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Let $X$, $Y$ and $Z$ be random variables.

  • Is it always possible to decompose $Y=U_1+U_2$ such that $\operatorname{Cov}(U_1,X\mid Z)=0$ and $\operatorname{Cov}(U_2,X\mid Z)=\operatorname{Cov}(U_2,X)$ i.e. the first term and $X$ are uncorrelated conditional on $Z$ and the second term and $X$ can be correlated independently of $Z$? I don't need explicit expressions for $U_1$ or $U_2$.

  • Can the covariances be replaced with independence (i.e. $U_1 \perp X\mid Z$ and $(U_2,X) \perp Z$)?

  • Are there any similar results?

  • What if $Y$ were replaced with $g(Y)=U_1+U_2$ for some function $g$?

I am interested in methods of how to go about solving such a problem and references. Thanks.

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    $\begingroup$ See book W. J. Krzanowski, Principles of Multivariate Analysis. It has the kind of materials you are asking for. $\endgroup$ – gopal Mar 14 '15 at 14:30
  • $\begingroup$ Thanks @gopal. Do you know the relevant chapters and sections? Unfortunately I don't have access to the book but I can try google the key words (I will also check the library). $\endgroup$ – user103828 Mar 14 '15 at 16:32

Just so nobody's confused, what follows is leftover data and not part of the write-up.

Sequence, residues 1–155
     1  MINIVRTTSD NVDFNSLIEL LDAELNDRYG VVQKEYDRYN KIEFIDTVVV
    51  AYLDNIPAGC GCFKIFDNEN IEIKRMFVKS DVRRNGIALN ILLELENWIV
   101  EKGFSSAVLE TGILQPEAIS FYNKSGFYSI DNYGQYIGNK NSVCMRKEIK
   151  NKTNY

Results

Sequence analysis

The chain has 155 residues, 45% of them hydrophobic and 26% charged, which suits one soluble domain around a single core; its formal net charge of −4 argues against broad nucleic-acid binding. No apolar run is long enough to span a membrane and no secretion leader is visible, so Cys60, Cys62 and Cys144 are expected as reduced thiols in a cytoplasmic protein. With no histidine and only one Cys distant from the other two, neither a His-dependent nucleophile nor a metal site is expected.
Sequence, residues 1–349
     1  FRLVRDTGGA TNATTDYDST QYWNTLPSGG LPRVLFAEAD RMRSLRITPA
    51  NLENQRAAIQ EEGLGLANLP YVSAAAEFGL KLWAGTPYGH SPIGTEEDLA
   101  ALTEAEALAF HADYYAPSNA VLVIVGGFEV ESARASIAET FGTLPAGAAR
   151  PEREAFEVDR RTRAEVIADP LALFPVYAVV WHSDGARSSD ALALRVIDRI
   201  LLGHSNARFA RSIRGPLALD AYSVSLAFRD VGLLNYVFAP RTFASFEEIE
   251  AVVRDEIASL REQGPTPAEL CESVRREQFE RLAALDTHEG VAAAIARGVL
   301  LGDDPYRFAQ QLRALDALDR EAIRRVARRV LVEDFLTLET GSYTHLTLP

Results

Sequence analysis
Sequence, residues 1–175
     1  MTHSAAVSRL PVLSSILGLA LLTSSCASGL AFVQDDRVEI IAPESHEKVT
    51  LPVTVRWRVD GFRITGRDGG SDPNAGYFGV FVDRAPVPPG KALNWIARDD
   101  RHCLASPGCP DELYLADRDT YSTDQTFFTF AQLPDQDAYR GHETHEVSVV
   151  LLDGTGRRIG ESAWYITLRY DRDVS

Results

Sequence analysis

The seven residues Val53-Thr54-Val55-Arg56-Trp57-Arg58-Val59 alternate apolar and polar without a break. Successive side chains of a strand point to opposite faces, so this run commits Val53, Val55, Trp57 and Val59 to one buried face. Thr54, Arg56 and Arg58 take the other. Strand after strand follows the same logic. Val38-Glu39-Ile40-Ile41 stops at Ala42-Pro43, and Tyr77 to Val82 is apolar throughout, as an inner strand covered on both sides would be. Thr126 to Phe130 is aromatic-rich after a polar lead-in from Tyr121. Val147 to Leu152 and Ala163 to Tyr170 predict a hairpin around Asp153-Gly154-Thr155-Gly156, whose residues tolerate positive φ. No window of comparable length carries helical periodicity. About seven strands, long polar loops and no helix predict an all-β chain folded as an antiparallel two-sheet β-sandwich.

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(This CW is a slight simplification and extension of Michael's answer.)

Claim

$Y$ has a decomposition of the required form iff $\text{Cov}(X,Y|Z)$ is constant.

Proof

If:

Let $U_1=\mathbb{E}[Y|Z]$ and $U_2=Y-U_1$. Then $\text{Cov}(U_1, X|Z)=0$. $$ \begin{align} \text{Cov}(U_2, X) &= \text{Cov}(Y-\mathbb{E}[Y|Z], X)\\ &= \mathbb{E}[X(Y-\mathbb{E}[Y|Z])]\\ &= \mathbb{E}[XY-X\mathbb{E}[Y|Z]]\\ &= \mathbb{E}[\mathbb{E}[XY|Z] - \mathbb{E}[X|Z]\mathbb{E}[Y|Z]]\\ &= \mathbb{E}[\text{Cov}(X,Y|Z)]]\\ &=\text{Cov}(X,Y|Z)\\ &=\text{Cov}(X, U_1+U_2|Z)\\ &=\text{Cov}(X, U_2|Z) \end{align} $$

Onlf if:

Suppose we have a decomposition $Y=U_1+U_2$ satisfying the required conditions. $$\begin{align} \text{Cov}(U_2, X) &= \text{Cov}(U_2, X|Z)\\ &= \text{Cov}(Y - U_1, X|Z)\\ &= \text{Cov}(X, Y|Z) - \text{Cov}(U_1, X|Z)\\ &= \text{Cov}(X, Y|Z), \end{align} $$ so $\text{Cov}(X, Y|Z)$ is constant.

Example

Suppose $X\sim U(\{-1,0,1\})$, $Y=\mathbf{1}(X=1)$ and $Z=\mathbf{1}(X\neq 0)$, where $\mathbf{1}$ denotes the indicator function. This example doesn't satisfy the necessary condition, since $\text{Cov}(X,Y|Z)$ depends on $Z$.

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  • $\begingroup$ Very nice. As a minor detail, this assumes $U_1$ is a pure function of $X$, although in general it could also depend on some external randomness. $\endgroup$ – Michael Mar 19 '15 at 19:50
  • $\begingroup$ Perhaps the general case is obtained if we interpret $U_1(1) \equiv E[U_1|X=1]$ and $U_1(-1)\equiv E[U_1|X=-1]$. $\endgroup$ – Michael Mar 19 '15 at 19:51
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    $\begingroup$ @Michael Thanks. I've simplified my answer using that idea. $\endgroup$ – Ben Derrett Mar 19 '15 at 20:48
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    $\begingroup$ I expanded on what you did in my answer below that gives a general necessary condition. $\endgroup$ – Michael Mar 20 '15 at 0:17